Early in their marriage, Louise traveled with her husband, following his work with the Atomic Energy Commission. They lived on reservations in Arizona, Nevada, Utah, and Colorado. She had the first two of their children with them at that time. Her youngest was three when he got onto a bulldozer and started driving it.  He had been watching how to operate the levers and learned how to start it. She wrote home that she was fascinated by the “cat skinners” in the mining camps where they lived. This term was a colloquialism for dozer operators in those days.  Her aunt wrote her back, asking what people did with all the skinned cats.  For a short time, they lived in Edgemont, South Dakota where she was a Boy Scout leader. In 2016, she retraced her path with her daughter, through those states, sharing with her the places she had enjoyed. She talked about how much she cherished learning about different cultures and landscapes, and how she found something to like about every single one of the places she had once called home.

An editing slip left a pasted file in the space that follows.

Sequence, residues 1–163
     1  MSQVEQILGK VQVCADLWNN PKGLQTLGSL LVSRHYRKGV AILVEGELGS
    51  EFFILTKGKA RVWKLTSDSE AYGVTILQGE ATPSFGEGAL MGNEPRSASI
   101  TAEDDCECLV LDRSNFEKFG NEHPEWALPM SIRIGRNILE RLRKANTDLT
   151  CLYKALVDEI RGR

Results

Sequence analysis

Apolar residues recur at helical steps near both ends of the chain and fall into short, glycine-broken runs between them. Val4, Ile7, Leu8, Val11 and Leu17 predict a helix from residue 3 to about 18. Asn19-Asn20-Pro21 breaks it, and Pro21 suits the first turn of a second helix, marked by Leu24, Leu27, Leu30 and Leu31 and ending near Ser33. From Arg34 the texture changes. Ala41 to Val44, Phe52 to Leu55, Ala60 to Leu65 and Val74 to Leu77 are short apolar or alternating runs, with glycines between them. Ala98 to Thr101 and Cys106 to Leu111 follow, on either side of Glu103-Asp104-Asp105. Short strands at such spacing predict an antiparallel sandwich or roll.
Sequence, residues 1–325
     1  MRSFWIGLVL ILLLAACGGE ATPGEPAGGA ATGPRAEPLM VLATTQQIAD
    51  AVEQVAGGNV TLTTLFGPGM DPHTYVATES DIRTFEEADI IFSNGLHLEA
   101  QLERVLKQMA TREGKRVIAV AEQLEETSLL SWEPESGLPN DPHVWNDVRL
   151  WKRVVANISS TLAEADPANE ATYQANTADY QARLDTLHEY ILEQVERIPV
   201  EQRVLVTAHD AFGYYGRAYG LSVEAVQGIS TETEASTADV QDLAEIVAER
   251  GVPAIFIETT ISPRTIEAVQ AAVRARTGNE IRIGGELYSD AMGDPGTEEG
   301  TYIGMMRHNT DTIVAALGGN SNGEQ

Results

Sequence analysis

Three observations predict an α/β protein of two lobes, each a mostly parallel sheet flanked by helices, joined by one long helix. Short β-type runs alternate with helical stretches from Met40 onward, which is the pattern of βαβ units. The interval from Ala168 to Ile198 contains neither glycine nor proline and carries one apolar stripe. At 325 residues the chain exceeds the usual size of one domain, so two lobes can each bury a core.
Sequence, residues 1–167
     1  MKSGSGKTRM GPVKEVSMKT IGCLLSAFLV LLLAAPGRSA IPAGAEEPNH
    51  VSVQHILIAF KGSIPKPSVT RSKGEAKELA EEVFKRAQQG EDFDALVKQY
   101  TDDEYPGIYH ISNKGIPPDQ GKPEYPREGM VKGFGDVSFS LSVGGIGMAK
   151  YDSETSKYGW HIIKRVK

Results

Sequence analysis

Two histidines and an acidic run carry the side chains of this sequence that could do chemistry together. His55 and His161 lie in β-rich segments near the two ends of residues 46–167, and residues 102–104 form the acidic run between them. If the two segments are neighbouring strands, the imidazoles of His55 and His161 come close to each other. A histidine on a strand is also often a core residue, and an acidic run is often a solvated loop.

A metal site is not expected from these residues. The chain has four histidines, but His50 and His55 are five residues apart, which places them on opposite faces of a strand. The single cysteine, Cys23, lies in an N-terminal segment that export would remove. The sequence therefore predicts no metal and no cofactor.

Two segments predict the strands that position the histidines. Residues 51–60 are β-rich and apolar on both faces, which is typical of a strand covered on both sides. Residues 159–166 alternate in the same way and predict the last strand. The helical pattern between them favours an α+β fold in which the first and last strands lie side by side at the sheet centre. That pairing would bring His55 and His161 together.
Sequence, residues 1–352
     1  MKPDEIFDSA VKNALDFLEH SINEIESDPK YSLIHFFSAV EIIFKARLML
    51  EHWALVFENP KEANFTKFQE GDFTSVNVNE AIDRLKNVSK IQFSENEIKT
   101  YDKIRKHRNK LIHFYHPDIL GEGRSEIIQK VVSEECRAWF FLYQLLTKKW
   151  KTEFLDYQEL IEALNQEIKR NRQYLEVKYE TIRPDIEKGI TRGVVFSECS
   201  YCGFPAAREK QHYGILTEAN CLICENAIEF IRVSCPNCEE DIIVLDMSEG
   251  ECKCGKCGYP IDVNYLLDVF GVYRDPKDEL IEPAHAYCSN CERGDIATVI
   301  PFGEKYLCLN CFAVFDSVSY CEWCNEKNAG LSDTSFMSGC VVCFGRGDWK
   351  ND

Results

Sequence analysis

In 1960, Louise and her husband started a land development company in Taylor Park, high in the Colorado Rocky Mountains, near the old mining town of Tin Cup where Ross had spent his childhood summers.  It was an area where Ross's mother traveled by horse drawn sleigh over the mountain pass from St. Elmo to enter the mining camp. They called their company Rainbow Subdivision, a name chosen to mean that it was to be inclusive of all people. Ross loved the mountains and wanted to share his joy with other people.  By the time they started Rainbow, their family had grown to three sons and a daughter.  They all lived in a two-room cabin without electricity or inside plumbing. Louise cooked meals and baked on a 19th Century Majestic wood stove. The nearest telephone was a phone booth eight miles away and the closest grocery store was nearly forty miles away, more than half of it a dirt road.  Louise helped Ross pack out deer and elk every year and learned to cook the wild meat and fresh trout that he and their children caught.  She was a talented baker and was known for delicious pies, breads, and rolls.  By the mid-sixties they lived in a large log cabin that Ross built. ​When snow pushed them out of the mountains for the long winter and spring each year, the family resided in Lakewood, Colorado.  Using snowmobiles, they were able to visit their mountain home on holidays and spring break. In 1972, they moved from their Lakewood residence to a home in Gunnison, Colorado in order to be closer to Taylor Park.